Here is a random sampling:
"Another solid track workout tonight, after a morning swim: 7x800 w 2min rest. 2:27, 26, 26, 24, 27, 25, 27. Yeah, 2min is generous rest, but pretty soon I might have to admit I’m not quite retired anymore…"
"Evening track practice highlights include victory mile repeats (6:09, 6:07, 6:00, 5:52 Boom!) AND Chris Tremonte wearing my shorts"
"Lots of miles on these feet this weekend! 18 yesterday, 11 today…I feel like a marathon runner! I hope everyone’s weekend was as wonderful as mine!"
"10 mile track workout on the treadmill done!......it didn’t kill me but wowza that was hard :)"
“Surprisingly good trainer session in the books since I refuse to race in 37 degrees and rain/snow tomorrow. Not dumb enough to do that twice!”“No wonder I was seeing stars at the end of my run. Just saw my max HR. Hasn’t been that high in a WHILE.”
And one by yours truly that inspired the opening question above: “Sub-6 min pace for tonight’s tempo run. I think my head exploded.”
Notice a few treadmill and trainer sessions from Seattle people. I think we are all ready for some spring weather.
I will admit I go back and forth between feeling sheepish when I talk about my progress over social media and wanting to shout it from the rooftops. And don’t get me wrong, there have been times when I’ve been kind of annoyed/confused to read people’s very detailed workout descriptions (Crossfit "Workout of the Day"…I don’t even know what half the exercises mean!). Most times I don’t share my workouts with others, mostly because I don’t think anyone cares. But sometimes it’s really nice to share progress with someone other than your coach or regular training partners.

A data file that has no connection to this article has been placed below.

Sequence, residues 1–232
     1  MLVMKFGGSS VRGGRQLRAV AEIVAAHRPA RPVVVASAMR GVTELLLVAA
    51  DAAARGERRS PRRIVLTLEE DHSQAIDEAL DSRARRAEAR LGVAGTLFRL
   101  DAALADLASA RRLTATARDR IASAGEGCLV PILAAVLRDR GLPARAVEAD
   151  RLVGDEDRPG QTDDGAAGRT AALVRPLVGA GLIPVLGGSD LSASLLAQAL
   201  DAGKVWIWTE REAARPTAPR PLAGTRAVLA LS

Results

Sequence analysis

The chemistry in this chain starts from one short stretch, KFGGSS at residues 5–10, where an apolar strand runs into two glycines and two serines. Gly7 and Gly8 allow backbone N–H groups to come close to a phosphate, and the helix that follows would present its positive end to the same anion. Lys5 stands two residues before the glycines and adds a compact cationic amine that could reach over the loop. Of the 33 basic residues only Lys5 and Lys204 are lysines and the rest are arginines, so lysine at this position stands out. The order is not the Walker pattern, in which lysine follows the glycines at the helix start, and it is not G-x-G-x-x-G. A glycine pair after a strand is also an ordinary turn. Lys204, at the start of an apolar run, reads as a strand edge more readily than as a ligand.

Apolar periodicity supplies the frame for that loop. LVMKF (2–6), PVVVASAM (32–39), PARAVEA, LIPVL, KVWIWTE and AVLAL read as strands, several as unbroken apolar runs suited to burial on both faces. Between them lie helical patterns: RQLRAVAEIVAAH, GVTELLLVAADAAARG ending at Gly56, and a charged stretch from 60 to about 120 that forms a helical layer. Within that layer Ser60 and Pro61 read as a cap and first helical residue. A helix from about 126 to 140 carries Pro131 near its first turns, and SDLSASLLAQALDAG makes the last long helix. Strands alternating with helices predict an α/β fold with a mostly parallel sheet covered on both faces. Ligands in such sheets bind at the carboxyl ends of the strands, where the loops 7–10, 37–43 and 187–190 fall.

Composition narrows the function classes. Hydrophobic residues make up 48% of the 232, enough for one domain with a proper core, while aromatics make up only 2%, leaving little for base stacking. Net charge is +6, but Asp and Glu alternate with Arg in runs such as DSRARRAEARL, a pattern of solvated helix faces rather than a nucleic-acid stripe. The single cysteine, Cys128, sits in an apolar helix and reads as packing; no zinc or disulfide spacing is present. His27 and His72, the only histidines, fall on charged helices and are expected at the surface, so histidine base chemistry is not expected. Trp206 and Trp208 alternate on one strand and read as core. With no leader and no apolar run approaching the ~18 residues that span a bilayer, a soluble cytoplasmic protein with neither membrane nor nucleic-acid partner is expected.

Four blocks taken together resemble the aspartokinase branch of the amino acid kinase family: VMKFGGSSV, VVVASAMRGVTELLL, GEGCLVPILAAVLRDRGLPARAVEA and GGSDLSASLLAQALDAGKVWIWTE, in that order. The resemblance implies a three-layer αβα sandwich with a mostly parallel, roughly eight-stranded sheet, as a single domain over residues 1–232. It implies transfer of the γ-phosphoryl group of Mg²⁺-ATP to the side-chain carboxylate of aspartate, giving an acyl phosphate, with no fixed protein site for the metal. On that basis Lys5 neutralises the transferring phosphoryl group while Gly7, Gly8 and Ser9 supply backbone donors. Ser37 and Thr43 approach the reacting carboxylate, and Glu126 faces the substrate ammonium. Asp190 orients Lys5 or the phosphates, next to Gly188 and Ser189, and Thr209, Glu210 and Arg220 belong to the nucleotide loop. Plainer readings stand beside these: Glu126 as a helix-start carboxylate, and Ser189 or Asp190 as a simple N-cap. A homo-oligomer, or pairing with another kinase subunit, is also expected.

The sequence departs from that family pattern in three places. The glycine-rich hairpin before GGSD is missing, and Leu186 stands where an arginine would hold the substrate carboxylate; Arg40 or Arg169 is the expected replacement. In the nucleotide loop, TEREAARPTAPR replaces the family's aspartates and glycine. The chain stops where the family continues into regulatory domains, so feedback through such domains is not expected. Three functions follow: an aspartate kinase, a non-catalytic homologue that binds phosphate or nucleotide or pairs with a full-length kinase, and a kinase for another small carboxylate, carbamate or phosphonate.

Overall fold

So while race season is upon us and you are proud of your fitness gains, feel free to showcase it however you want. Whether it’s 16 tweets a day, blogging, a subtle comment on your friend’s Facebook page, texting old boyfriends to remind them how fast you are (not that I’ve done this…), or just crushing us all at your next race. Most of us are doing this sport because we love it and we do it for ourselves. But it’s fun to share the excitement. I would imagine that most everyone who has been involved in this sport for more than a couple years has found a way to become surrounded by other strong, energetic, enthusiastic friends and athletes. I would also expect that anyone who is in a healthy, competitive, supportive headspace would be excited for friends and teammates and their fitness gains.
So keep up the good work, my friends. You should be proud of your hard efforts and new levels of fitness. And if you’d like to share it with others, we are out here willing to listen.